I had promised my friend Savath that I would visit him -- as I do most every time I am in and around Pak Lai. It was my good fortune to meet him early on in my trips to Lao. We have remained friends for about four years, now.
Savath is a hardware salesman and the Beer Lao distributor for Pak Lai. He also distributes Lao Khao (rice whiskey). He is a big man in this town. You wouldn’t know it because of his posture, but he is given great respect everywhere in these parts and everyone seems to know him or know of him.
Unlike times before, I was able to pin-point my arrival ti his hardware store adjacent to the market and attached to his home. Usually, I would just show up. Now -- thanks to smart phones and social networking-- he knew within the half hour of when I would arrive. And he was ready for me!
Turns out he had land for sale and his sons’ English teacher ready to help with translation.
I was somewhat embarrassed when Sone (sown; sewn) mentioned to me that we had met several years before, at Heuan Phair. I kinda remembered her and if she is who I remember, I even gave her a follow-up call the next day that didn’t go anywhere. You don’t forget a Lao English teacher and when you meet one, you want to try to stay in contact. If she was who I remembered, that was good. If she wasn’t who I remember, it would be further embarrassment to mention it. So, I had to drop that avenue of conversation.
Sone is a good woman who hasn’t met the right guy, yet. Her market position was slipping, though, as she is -- I guess -- is in her late 20s; never married, which is a bit unusual in Southeast Asia. I advised her to keep her eyes open, don’t shut them. Her man will come along.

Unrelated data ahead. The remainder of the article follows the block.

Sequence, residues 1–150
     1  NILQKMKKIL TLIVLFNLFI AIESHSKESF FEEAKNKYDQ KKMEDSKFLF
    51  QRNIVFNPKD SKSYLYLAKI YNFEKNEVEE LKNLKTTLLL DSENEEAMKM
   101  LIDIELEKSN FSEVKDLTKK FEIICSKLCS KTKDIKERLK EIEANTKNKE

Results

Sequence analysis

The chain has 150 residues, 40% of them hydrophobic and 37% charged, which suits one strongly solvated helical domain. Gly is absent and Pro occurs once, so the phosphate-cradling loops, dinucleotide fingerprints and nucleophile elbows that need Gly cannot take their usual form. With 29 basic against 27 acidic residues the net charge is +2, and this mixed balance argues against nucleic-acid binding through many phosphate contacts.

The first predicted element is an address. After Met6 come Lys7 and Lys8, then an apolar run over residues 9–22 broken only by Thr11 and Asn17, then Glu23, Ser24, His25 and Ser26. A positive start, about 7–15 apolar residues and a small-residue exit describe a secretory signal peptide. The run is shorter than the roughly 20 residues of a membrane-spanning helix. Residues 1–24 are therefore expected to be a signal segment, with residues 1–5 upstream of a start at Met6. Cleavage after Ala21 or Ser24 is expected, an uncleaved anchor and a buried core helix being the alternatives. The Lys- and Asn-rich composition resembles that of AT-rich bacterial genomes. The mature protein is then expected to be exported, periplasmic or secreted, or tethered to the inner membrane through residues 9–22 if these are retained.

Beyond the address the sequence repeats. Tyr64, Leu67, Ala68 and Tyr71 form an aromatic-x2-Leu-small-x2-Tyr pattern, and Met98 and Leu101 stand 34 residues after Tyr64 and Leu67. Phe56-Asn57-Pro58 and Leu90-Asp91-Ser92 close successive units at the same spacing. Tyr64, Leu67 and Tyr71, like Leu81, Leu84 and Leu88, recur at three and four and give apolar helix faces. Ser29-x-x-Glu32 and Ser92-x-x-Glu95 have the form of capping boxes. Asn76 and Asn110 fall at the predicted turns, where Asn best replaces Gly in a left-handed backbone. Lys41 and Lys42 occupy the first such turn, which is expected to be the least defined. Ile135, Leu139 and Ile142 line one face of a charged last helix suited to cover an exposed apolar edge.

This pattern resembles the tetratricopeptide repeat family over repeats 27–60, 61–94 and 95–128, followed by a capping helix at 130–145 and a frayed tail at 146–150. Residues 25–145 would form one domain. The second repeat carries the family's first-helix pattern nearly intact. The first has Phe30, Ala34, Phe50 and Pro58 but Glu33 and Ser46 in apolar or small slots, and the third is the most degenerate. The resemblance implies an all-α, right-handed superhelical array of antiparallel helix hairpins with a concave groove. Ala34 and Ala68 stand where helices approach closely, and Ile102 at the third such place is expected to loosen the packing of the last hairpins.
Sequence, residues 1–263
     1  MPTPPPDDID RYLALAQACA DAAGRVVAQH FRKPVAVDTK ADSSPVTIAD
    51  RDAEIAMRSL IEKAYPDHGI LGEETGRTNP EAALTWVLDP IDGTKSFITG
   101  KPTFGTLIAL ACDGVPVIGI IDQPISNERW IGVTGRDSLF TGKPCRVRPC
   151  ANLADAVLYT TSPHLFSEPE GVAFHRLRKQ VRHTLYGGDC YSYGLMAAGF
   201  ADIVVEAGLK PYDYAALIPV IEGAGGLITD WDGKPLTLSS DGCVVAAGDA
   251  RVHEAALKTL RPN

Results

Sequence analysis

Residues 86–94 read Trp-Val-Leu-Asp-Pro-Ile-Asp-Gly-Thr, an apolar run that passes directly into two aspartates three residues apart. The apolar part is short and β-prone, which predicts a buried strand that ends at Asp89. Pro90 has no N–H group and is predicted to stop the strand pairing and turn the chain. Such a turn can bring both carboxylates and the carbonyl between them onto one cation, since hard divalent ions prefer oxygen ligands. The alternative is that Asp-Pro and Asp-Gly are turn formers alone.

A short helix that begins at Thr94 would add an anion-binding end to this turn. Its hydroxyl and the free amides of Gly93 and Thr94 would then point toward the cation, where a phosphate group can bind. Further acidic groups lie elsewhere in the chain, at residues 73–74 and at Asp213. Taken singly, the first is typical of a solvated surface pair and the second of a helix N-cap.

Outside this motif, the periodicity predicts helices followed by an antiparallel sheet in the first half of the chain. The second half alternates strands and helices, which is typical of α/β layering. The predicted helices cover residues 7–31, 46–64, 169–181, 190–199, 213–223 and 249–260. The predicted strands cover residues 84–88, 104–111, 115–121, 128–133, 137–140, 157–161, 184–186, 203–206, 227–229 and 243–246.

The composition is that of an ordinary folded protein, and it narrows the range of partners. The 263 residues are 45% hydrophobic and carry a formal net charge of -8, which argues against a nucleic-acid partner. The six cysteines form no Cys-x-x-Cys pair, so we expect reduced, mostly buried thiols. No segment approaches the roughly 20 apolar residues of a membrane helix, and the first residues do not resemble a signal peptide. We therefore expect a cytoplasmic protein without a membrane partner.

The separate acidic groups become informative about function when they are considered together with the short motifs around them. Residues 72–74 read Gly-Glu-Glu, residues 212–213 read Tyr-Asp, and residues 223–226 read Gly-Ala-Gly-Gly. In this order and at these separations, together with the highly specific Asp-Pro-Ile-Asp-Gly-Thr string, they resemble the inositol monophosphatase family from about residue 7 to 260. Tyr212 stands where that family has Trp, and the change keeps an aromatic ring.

I kinda think Savath thought I might be that guy, because if he were to sell land to “me,” I would have to have a Lao wife and she would actually be the owner; same way it is in Thailand. All the land Thip and I have in the Isaan is really owned by her.
After Sone had to leave and after Savath had his guys close shop, he drove me over to his Mekong river property in Ban Nah Sak, south of Pak Lai, just a little south of the ferry crossing and new bridge going in.
Fantastic location, really. About four hectares (1 hectare = 6.25 rai; 2.47 acres or 10,000 square meters). There was no way I could afford it -- even if I had a Lao wife. But, I wasn’t going to tell Savath that. I didn’t want to disappoint him. I’m pretty sure, though, that he figured if I couldn’t couldn’t or didn’t want to buy, then maybe I had family or friends who would and could. He mentioned the equivalent of that, several times.
Savath has multiple properties he wanted to sell -- not only in Ban Nah Sak, but also across the river in Ban Khokkaodo. I asked only about riverside land because if there was any possible way I could pull it off, I’d only be interested in the view.
Anyway, after viewing the riverside property that he had actually used for warehousing, we made our way back to the guest house -- a distance of about ten kilometers. We started in the late afternoon and didn’t arrive until late evening. We stopped multiple places. Every time I thought we were almost there, Savath would park his new truck at yet another watering hole.
One of the places we stopped was Par Sai -- the restaurant overlooking the port, where I had eaten coconut just the day before. It was good the owners saw me with Savath. I’m pretty sure they will remember me next time.
Another place we stopped was Sabaidee, where I had met that first group of dirt bikers what seemed like ages ago. Here, things got crazy. We ate and drank and Savath disappeared for a time. I joined the hostess in a karaoke rendition of “Sai Woosy.” It was all great fun.